Social enterprise and housing education in Hong Kong

School of Social Policy academic, Professor David Mullins is visiting City University, Hong Kong, in his capacity as external academic adviser for the BA (Hons) Housing programme in the Department of Public and Social Administration. The programme which has provided over 600 mainly part time students working in the property management sector with Honours Degrees and professional accreditation by the Chartered Institute of Housing and Hong Kong Institute of Housing, has been running since 1998. Working with David on his visit are course director Associate Professor Ky Lau (who has a PhD from the University of Birmingham) and Miss LC Wong, External Academic Adviser (Practice) who recently retired after some 40 years in the housing profession and as Chief Executive of the Hong Kong Housing Society, which is the leading non-profit housing provider in Hong Kong. It manages, 30,000 rental flats housing about 100,000 people, and has completed around 20,000 flats for sale and provided home loans to over 40,000 families.

Professor David Mullins and Miss LC Wong, External Academic Adviser (Practice), Hong Kong

David and Miss LC Wong met with current students and graduates of the BA (Hons) programme to discuss their experiences and visiting a public housing estate. "I was really impressed by the dedication and commitment of the students who typically combine long working days and evening residents' meeting with three evenings a week at City University. Their comments highlighted how much they valued the degree level qualification alongside their professional accreditation and in what high regard Dr KY Lau and his team are held."

During his visit David is presenting a research seminar paper on his work on social enterprise and hybridity in the housing sector, drawing on papers for a special issue of Housing Studies which David is editing for publication in 2012. "In discussing common interests with Miss Wong, I learned of the ways in which Hong Kong Housing Society embraced a social innovation and social enterprise model long before it became fashionable to use this language. For example, it was frequently asked by government to pilot innovative programmes such as the 'sandwich class housing scheme' for middle income groups too poor to enter home ownership but too well off to qualify for public housing. In true social entrepreneurial style, it was able to reinvest surpluses from this scheme in other activities such as provision of legal assistance and support to home owners corporations - the Hong Kong model to tackle the common problems of place management and joint services in multi-occupied blocks and residential and commercial developments."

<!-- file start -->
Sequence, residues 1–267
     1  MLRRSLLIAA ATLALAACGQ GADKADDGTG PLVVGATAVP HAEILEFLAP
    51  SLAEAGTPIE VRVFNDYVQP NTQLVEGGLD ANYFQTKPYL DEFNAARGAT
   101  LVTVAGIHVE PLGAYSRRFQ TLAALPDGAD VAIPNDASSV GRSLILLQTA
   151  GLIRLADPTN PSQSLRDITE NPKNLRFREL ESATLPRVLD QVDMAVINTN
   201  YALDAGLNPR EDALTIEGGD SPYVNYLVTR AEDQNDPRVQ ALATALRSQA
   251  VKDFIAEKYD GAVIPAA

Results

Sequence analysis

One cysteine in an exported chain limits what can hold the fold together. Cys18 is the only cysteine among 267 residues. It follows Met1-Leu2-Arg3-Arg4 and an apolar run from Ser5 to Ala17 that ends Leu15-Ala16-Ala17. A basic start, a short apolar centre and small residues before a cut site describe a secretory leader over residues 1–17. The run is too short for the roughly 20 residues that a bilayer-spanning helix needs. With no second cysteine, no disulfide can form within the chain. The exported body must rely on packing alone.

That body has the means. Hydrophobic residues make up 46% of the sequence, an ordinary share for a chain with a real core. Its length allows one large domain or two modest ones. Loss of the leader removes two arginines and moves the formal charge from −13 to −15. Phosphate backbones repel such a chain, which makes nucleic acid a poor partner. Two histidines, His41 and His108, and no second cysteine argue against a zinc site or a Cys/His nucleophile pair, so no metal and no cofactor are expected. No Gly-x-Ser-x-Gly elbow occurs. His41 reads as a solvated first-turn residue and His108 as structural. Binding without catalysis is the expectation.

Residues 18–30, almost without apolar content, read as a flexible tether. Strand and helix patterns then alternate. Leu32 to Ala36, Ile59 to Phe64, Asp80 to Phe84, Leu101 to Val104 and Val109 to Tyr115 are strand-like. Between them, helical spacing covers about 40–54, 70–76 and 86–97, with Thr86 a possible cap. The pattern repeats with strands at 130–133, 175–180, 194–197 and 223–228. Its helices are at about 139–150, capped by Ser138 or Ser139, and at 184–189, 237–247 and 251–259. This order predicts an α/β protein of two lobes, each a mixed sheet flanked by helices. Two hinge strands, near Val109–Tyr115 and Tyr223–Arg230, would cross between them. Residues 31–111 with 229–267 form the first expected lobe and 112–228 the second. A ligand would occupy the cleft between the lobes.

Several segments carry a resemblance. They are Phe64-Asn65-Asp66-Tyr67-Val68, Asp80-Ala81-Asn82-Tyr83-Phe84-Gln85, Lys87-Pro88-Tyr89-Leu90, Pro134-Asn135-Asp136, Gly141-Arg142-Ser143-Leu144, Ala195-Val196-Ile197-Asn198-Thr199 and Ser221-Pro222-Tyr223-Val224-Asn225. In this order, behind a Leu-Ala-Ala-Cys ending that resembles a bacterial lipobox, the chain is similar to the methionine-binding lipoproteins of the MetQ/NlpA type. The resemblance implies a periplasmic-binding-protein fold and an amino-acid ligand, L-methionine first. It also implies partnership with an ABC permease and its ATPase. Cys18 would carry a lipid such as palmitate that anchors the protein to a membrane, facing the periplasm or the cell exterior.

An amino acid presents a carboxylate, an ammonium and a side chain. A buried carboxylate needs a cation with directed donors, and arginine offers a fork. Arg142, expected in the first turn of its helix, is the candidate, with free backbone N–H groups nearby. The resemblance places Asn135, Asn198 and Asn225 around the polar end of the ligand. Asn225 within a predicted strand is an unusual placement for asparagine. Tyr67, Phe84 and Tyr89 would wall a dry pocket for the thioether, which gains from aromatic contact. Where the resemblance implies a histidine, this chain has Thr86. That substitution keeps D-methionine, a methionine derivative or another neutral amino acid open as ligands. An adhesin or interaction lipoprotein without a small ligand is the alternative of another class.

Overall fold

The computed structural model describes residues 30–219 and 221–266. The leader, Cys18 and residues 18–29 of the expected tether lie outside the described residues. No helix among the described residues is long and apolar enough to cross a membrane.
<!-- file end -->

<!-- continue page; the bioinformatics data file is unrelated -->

Following the City University visit David will be attending the Asia Pacific Network for Housing Research Network Conference in Hong Kong on Neo-liberalism and Urbanisation in Asia Pacific: Challenges and Opportunities for Housing. He represents the European Network of Housing Research of which he is a co-ordination committee member. He will be presenting a paper on social enterprise and housing.